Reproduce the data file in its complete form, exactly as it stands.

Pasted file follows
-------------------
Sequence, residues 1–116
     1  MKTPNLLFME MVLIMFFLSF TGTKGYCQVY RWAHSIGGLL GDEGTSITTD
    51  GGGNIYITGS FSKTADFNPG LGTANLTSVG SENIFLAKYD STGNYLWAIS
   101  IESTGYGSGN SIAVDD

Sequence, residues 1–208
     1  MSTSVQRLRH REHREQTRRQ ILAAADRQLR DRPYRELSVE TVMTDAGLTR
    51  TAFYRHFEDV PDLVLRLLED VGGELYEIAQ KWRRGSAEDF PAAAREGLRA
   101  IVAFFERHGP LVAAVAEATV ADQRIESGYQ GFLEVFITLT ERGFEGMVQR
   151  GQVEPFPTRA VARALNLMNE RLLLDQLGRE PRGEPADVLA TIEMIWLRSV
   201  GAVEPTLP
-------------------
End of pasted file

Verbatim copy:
Sequence, residues 1–116
     1  MKTPNLLFME MVLIMFFLSF TGTKGYCQVY RWAHSIGGLL GDEGTSITTD
    51  GGGNIYITGS FSKTADFNPG LGTANLTSVG SENIFLAKYD STGNYLWAIS
   101  IESTGYGSGN SIAVDD

Sequence, residues 1–208
     1  MSTSVQRLRH REHREQTRRQ ILAAADRQLR DRPYRELSVE TVMTDAGLTR
    51  TAFYRHFEDV PDLVLRLLED VGGELYEIAQ KWRRGSAEDF PAAAREGLRA
   101  IVAFFERHGP LVAAVAEATV ADQRIESGYQ GFLEVFITLT ERGFEGMVQR
   151  GQVEPFPTRA VARALNLMNE RLLLDQLGRE PRGEPADVLA TIEMIWLRSV
   201  GAVEPTLP